Tulowitzki further explained that “so much of being a shortstop is about being able to slow the game down for your teammates and your pitchers, taking charge in the infield.”

I confess I literally have no idea what any of this means. I imagine that to “slow the game down” means something like telling the other players to relax and take it easy in tight spots. But this seems to me more like a veteran thing than a shortstop thing. Surely he could slow the game down as a third baseman, or a coach. Or, if he could yell loud enough, a beer vendor.

And “taking charge in the infield” is just one of those things guys say. How does a player take charge? And of what (or whom)? The manager and coaches position the players defensively, based on opponents’ metrics and zones and whatevers, so what else is there? I guess he could yell, “Throw it to first!” if a teammate was about to fire the ball out into left field or roll it into the dugout, but what else? If “taking charge” was really something useful on a baseball field, George Patton would be in Cooperstown.

In short, about the only reason Troy Tulowitzki can provide for staying in that position is that he thinks he should. I don’t know if the team will try to move Tulowitzki to third next season, whether because they want to give Donaldson a try or sign someone. If they do, I hope Tulowitzki is more willing to change than he seems to be now.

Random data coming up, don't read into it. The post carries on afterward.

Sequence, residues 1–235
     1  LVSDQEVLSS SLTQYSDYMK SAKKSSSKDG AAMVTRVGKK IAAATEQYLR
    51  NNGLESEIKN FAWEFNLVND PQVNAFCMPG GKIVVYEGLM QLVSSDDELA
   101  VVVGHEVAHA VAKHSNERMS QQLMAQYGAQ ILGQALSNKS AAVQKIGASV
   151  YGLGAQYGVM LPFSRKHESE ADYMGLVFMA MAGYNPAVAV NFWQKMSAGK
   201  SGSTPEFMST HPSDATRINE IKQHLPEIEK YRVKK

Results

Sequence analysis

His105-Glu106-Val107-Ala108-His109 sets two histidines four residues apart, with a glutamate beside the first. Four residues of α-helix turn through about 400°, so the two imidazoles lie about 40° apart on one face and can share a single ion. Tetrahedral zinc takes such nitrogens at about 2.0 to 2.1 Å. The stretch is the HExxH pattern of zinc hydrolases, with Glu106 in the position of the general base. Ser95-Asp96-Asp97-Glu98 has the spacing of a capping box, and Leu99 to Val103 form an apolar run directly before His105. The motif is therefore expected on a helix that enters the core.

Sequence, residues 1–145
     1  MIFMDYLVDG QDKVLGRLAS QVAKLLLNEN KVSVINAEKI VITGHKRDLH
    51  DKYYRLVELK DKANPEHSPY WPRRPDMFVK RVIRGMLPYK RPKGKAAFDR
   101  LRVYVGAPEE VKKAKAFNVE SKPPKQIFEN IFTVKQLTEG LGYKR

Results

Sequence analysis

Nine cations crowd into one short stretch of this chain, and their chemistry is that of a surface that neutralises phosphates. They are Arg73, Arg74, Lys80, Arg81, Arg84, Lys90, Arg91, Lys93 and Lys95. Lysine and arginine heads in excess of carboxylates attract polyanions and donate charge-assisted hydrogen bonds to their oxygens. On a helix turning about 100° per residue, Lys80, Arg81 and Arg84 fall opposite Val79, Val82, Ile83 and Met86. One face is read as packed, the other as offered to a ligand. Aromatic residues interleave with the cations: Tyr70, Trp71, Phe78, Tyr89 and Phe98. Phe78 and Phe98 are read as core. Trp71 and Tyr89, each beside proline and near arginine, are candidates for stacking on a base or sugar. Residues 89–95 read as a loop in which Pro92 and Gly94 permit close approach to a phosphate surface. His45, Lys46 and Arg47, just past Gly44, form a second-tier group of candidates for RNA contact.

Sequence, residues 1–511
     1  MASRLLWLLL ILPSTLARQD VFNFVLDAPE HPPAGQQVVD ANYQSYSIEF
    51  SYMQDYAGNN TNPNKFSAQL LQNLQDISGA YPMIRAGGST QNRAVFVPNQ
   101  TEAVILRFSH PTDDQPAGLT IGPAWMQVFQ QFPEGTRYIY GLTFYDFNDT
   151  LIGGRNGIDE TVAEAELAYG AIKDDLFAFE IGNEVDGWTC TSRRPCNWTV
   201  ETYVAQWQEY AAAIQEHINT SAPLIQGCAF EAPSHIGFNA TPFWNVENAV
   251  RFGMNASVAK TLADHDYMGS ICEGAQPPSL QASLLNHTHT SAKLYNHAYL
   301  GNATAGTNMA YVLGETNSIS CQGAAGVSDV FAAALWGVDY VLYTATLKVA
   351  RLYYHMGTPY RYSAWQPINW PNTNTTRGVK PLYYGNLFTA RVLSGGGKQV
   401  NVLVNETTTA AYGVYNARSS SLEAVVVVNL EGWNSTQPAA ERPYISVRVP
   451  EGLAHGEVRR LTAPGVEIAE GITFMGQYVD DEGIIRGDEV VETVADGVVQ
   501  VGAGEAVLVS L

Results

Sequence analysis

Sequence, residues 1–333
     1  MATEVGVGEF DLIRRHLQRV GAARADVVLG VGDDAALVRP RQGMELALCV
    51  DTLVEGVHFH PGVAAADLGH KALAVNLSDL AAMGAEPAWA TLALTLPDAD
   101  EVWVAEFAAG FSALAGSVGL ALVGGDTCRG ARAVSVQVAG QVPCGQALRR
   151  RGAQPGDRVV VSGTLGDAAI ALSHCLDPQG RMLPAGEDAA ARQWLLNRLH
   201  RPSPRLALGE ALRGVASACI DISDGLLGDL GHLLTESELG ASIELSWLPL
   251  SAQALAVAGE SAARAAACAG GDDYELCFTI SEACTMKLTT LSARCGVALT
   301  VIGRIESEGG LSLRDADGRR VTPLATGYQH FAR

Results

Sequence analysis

He might not believe the defensive metrics, and indeed they have enough questions and weaknesses to justify some skepticism. But that said, all the major defensive metrics describe Tulowitzki as a player whose fielding skills, especially range, are declining. And if the team’s managers believe they’d be stronger with Donaldson (or anyone else) at short and Tulowitzki at third, surely it is Tulowitzki's duty to put the team’s interest ahead of his own and comply.

We have some examples from the recent past. When the Orioles asked the declining Cal Ripken to make room for the better fielding Manny Alexander, he grabbed his third baseman’s mitt and moved over. Team first. Manny Machado, a top shortstop prospect, moved to third because the Orioles had J.J. Hardy, a better-fielding shortstop, already in place. Team first.

And of course, when Yankees team captain Derek Jeter had the opportunity, outfield to strengthen the team by moving to the outfield and turning shortstop duties over to the much better fielding Alex Rodriguez... never mind. I guess Jeter slowed the game down and took charge of the infield.

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  For more information about the terms used in this article, see our Glossary Primer.